Ukraine’s Bear Sanctuary Domazhyr is no run-of-the-mill animal shelter. Its inhabitants are 28 brown bears rescued from human-inflicted aggression, courtesy of FOUR PAWS—an Austrian welfare organisation that founded the establishment in 2016. Today, the 20-hectare reserve—ensconced in the village of Zhornyska, near the city of Lviv—acts as a rehabilitation centre for the bears, while doubling as an eco-educational arena for visitors.
“In January 2017, a memorandum for bear protection was signed between the Ministry of Ecology and Natural Resources of Ukraine, the State Environmental Inspectorate, and FOUR PAWS,” informs Olya Fedoriv, manager of Bear Sanctuary Domazhyr. The impact was felt in December 2020, when permissions to establish regional centres for rescue and rehabilitation of wild animals were sanctioned. Furthermore, the non-profit and the sanctuary have been purveyors of drafting and supporting bills that criminalise the exploitation of wild animals in circuses. In addition, a ban on holding bears captive in catering establishments, hotels, and recreational centres has been imposed nationwide.
At the sanctuary, each bear is closely monitored during the adaptation period, during which they undergo a thorough medical check-up and are nursed to full health once they are brought in. Artur Abramiv, a Ukraine-based photographer, visited the bear hub and documented the caretaking procedure.
Photo By: Artur Abramiv
A local guide helms an educational tour for school children, where they are acquainted with the bears’ habitat and eating patterns, without coming in direct contact with the mammals.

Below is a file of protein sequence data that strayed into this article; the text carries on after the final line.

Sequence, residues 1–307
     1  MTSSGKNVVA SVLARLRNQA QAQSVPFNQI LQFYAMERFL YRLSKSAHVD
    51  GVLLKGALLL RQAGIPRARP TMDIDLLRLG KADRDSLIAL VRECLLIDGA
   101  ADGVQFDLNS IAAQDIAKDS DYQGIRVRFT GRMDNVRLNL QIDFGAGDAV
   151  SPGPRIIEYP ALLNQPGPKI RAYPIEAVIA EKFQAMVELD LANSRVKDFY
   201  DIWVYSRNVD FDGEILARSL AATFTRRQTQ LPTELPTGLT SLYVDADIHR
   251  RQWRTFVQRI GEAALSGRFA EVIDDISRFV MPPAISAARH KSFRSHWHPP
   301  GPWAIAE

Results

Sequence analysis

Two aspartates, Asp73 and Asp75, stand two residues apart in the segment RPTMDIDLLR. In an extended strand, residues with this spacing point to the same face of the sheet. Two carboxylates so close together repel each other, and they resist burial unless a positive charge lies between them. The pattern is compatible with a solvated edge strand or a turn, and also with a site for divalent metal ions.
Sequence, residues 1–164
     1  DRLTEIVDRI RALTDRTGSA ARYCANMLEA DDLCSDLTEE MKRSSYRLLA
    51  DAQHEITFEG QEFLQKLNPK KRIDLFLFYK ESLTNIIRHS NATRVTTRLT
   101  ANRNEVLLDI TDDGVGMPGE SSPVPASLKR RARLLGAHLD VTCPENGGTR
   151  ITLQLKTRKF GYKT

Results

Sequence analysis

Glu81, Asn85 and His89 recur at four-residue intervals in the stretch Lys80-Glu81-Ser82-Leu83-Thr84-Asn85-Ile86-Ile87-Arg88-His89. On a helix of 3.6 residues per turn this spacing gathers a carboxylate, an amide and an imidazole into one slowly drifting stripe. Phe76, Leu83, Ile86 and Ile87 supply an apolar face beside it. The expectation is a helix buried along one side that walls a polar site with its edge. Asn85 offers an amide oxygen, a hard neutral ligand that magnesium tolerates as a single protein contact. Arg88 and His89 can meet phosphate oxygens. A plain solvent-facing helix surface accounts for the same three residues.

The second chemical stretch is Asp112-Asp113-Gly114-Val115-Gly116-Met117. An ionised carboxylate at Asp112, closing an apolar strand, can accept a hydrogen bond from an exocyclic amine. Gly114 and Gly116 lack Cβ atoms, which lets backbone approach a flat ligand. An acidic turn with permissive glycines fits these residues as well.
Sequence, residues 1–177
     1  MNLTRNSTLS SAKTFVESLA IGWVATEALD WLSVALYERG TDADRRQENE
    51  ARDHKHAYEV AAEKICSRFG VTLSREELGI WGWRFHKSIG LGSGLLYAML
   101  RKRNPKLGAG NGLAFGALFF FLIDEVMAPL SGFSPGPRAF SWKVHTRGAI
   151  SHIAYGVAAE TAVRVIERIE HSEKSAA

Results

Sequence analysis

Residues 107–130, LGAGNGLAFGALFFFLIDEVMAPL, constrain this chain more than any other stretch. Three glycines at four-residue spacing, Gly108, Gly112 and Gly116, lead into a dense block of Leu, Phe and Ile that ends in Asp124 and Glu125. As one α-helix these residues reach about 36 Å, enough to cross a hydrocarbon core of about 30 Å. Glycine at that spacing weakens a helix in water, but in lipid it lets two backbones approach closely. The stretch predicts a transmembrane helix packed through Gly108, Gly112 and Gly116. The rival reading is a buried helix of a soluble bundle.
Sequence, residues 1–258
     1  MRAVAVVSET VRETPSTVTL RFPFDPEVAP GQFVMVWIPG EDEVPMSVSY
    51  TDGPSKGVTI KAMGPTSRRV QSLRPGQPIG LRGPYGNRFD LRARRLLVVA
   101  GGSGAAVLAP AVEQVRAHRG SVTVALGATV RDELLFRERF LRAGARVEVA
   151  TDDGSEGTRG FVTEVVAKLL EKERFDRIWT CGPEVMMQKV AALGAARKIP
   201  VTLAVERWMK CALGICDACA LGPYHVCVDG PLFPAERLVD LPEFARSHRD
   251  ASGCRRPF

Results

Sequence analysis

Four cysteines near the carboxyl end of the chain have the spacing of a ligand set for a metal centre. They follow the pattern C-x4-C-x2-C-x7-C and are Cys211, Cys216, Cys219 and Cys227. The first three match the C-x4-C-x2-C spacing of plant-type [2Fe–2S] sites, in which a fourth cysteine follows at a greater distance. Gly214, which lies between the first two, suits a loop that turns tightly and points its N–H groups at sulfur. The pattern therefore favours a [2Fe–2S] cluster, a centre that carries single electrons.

Photo By: Artur Abramir
Manya, age 19, arrived at the reserve in October 2017. She was only three when she was bought by her previous owners, who locked her up in a cage at a restaurant next to a shopping centre in Lviv, for tourists’ amusement. Despite the trauma, Manya is described as calm and observant.
Photos By: Artur Abramiv
Frankie and Anya play in an adaptive enclosure despite the downpour. Born in Cherkasy Zoo in 2014, Frankie is believed to have been later used in circus performances. He was then moved to Pokrovsk Zoo, where the living conditions were so grim that he, along with Anya, was soon rescued by the sanctuary authorities.
Roman Kostiv, a veterinarian at the sanctuary, tosses apples at 11-year-old Kvitka. She was formerly used as bait for hunting dogs, and was confined in a 45-square-foot cage, only to be let out for fights. More often than not, bears develop psychological and physiological conditions due to unbalanced diet and poor housing conditions.
Photo by: Artur Abramiv
Due to small cages and restrictions on movement, musculoskeletal problems, decayed teeth and visual impairments are notably common. A seasonal diet usually comprising tomatoes, salmon fillets, carrots and apples coupled with professional care, helps the bears gradually regain their instincts.
Visitors can access the sanctuary from its central entrance.
Onlookers can read biographies of the bears engraved on plates and oversee the four adaptive enclosures, each one hectare in size, from the vantage point of a fenced balcony. Masha emerges from a bear box, where she has been residing for a year. The 13-year-old was used as bait to train hunting dogs before she was transferred in 2018. The scar on her nose and an amputated tail are resultant of dog bites and serve as a painful reminder of her traumatic past at the hunting station.
This feature appeared in the print edition of National Geographic Traveller India September-October 2021.
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is a Ukraine-based documentary and adventure photographer, who has dabbled in the art for 14 years. He regularly travels around Europe and treks to the mountains for inspiration.
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